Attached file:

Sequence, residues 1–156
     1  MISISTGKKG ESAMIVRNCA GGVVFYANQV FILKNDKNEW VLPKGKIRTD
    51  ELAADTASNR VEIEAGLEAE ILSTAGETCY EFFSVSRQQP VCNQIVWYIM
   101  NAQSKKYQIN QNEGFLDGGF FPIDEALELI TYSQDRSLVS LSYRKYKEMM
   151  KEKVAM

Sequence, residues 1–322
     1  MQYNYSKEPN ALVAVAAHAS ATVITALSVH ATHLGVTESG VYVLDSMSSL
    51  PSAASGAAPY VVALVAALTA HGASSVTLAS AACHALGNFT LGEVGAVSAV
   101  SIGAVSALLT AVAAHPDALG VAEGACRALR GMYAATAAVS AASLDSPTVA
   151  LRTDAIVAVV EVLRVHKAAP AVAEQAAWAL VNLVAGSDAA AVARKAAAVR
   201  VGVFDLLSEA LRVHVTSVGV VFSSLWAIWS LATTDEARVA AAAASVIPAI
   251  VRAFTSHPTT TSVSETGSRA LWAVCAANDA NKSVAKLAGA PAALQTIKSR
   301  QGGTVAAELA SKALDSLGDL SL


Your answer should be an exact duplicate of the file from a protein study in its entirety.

Sequence, residues 1–156
     1  MISISTGKKG ESAMIVRNCA GGVVFYANQV FILKNDKNEW VLPKGKIRTD
    51  ELAADTASNR VEIEAGLEAE ILSTAGETCY EFFSVSRQQP VCNQIVWYIM
   101  NAQSKKYQIN QNEGFLDGGF FPIDEALELI TYSQDRSLVS LSYRKYKEMM
   151  KEKVAM

Sequence, residues 1–322
     1  MQYNYSKEPN ALVAVAAHAS ATVITALSVH ATHLGVTESG VYVLDSMSSL
    51  PSAASGAAPY VVALVAALTA HGASSVTLAS AACHALGNFT LGEVGAVSAV
   101  SIGAVSALLT AVAAHPDALG VAEGACRALR GMYAATAAVS AASLDSPTVA
   151  LRTDAIVAVV EVLRVHKAAP AVAEQAAWAL VNLVAGSDAA AVARKAAAVR
   201  VGVFDLLSEA LRVHVTSVGV VFSSLWAIWS LATTDEARVA AAAASVIPAI
   251  VRAFTSHPTT TSVSETGSRA LWAVCAANDA NKSVAKLAGA PAALQTIKSR
   301  QGGTVAAELA SKALDSLGDL SL